How To Teach Yourself New Tricks When You're Not 20 Anymore
The Ageist gang stay relevant by constantly learning. Here are some tips form the experts at Harvard Business Review:
"We all want to be better at something. After all, self-improvement is necessary to getting ahead at work. But once you know what you want to be better at — be it public speaking, using social media, or analyzing data — how do you start? Of course, learning techniques will vary depending on the skill and the person, but there are some general rules you can follow.
What the Experts Say
Mastering new skills is not optional in today’s business environment. 'In a fast-moving, competitive world, being able to learn new skills is one of the keys to success. It’s not enough to be smart — you need to always be getting smarter,' says Heidi Grant Halvorson, a motivational psychologist and author of the HBR Single Nine Things Successful People Do Differently. Joseph Weintraub, a professor of management and organizational behavior at Babson College and coauthor of the book, The Coaching Manager: Developing Top Talent in Business, agrees: 'We need to constantly look for opportunities to stretch ourselves in ways that may not always feel comfortable at first. Continual improvement is necessary to get ahead.' Here are some principles to follow in your quest for self-improvement:
Check your readiness
When working on a new skill or competency, you need to ask yourself two things. First, is your goal attainable? 'There are certain limits to what you can learn,' explains Weintraub. 'For example, you may want to be a brain surgeon, but not have the eye-hand coordination required.' Second, how much time and energy can you give to the project? 'It’s not like going to the pharmacy and getting a prescription filled,' says Weintraub. Self-improvement is hard work. Halvorson agrees: 'Many people implicitly believe that if you have to work hard at something, it means you lack ability. This is rubbish.' Instead, recognize that learning a new skill takes extreme commitment. Unless your goal is attainable and you’re prepared to work hard, you won’t get very far.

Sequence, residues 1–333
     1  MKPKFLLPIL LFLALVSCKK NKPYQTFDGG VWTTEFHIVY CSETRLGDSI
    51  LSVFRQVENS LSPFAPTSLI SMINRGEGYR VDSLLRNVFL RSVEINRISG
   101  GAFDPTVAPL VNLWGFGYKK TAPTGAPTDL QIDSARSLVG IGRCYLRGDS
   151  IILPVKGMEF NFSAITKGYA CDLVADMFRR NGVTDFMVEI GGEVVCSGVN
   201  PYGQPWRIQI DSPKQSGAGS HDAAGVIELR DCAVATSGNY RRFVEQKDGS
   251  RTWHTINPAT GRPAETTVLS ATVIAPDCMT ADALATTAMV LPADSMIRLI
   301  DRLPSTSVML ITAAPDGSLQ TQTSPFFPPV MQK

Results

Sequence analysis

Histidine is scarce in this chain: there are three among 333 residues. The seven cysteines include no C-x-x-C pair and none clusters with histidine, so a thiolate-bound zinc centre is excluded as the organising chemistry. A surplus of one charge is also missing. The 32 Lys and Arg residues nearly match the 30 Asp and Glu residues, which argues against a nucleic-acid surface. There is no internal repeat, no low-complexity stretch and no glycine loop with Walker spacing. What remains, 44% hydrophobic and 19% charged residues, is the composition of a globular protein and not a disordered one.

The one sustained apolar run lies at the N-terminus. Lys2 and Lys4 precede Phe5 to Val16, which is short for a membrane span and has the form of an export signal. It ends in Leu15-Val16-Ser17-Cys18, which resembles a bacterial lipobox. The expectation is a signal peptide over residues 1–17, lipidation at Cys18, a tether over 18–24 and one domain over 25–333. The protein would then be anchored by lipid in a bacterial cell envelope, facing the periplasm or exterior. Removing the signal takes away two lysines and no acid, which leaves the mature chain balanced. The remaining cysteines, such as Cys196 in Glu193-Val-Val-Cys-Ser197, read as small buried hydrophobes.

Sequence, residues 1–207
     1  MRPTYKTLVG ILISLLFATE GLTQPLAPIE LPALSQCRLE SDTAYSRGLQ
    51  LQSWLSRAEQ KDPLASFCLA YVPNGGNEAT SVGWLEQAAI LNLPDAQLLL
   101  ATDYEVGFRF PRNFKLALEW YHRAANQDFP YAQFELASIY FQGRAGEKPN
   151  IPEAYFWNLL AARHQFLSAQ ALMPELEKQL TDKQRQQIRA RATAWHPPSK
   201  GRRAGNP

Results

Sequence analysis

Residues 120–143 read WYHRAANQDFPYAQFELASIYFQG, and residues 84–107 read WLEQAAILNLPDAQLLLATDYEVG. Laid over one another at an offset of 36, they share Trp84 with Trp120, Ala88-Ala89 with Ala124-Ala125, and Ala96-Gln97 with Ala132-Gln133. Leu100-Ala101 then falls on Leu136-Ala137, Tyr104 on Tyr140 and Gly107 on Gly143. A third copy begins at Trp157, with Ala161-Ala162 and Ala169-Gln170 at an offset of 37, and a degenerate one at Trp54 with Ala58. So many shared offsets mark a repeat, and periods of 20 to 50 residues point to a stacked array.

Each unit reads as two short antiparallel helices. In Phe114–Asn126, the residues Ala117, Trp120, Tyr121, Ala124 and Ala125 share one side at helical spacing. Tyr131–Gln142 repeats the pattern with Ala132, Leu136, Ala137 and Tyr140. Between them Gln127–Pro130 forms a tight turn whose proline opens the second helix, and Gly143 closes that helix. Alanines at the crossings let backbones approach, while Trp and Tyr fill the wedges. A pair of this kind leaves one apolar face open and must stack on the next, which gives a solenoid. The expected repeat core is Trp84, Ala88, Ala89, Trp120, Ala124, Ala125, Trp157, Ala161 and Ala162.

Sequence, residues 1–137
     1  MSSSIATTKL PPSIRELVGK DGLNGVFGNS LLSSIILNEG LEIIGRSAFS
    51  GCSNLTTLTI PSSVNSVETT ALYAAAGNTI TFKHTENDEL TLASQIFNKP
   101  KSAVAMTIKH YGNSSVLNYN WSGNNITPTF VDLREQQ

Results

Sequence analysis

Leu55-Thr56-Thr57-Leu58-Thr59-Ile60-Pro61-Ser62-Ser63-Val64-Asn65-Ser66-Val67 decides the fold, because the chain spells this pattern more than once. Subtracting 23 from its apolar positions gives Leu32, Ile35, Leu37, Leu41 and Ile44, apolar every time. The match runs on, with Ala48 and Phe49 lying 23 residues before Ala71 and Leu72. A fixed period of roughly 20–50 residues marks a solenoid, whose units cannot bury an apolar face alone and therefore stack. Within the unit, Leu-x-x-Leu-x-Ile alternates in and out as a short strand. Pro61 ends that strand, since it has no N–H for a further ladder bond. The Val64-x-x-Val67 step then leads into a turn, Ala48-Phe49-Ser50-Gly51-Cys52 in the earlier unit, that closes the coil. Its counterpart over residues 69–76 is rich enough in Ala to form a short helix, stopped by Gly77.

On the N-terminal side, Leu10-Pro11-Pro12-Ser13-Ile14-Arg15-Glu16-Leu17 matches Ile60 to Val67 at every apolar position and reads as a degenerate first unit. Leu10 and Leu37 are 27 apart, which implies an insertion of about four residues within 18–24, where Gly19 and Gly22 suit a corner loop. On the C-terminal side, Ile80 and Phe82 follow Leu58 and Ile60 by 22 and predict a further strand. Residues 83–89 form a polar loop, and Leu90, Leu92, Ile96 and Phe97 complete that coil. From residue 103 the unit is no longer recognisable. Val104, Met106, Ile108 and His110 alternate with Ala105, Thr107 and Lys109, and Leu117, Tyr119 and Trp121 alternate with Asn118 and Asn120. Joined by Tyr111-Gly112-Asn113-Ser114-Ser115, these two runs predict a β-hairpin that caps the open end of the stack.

Know how you learn best
Some learn best by looking at graphics or reading. Others would rather watch demonstrations or listen to things being explained. Still others need a 'hands-on' experience. Halvorson says you can figure out your ideal learning style by looking back. 'Reflect on some of your past learning experiences, and make a list of good ones and another list of bad ones,' she says. 'What did the good, effective experiences have in common? How about the bad ones? Identifying common strands can help you determine the learning environment that works best for you.'
Self-improvement can feel overwhelming. 'You can’t take on everything. If you do, you’ll never do it,' says Weintraub. Instead, choose one or two skills to focus on at a time, and break that skill down into manageable goals. For example, if you’re trying to become more assertive, you might focus on speaking up more often in meetings by pushing yourself to talk within the first five minutes.
Reflect along the way
To move from experimentation to mastery, you need to reflect on what you are learning. Otherwise the new skill won’t stick. Halvorson and Weintraub both suggest talking to others. 'Always share your goals with those individuals who can provide informational or emotional support along the way,' says Halvorson. 'Even if that person doesn’t have the answer, he can help you and keep you honest about how much you’re improving,' says Weintraub. Talking about your progress helps you get valuable feedback, keeps you accountable, and cements the change.
'Too often, we approach a new skill with the attitude that we should nail it right out of the gate,' says Halvorson. The reality is that it takes much longer. 'It’s not going to happen overnight. It usually takes six months or more to develop a new skill,' says Weintraub. And it may take longer for others to see and appreciate it. 'People around you will only notice 10% of every 100% change you make,' he says.
-Amy Gallo via Harvard Business Review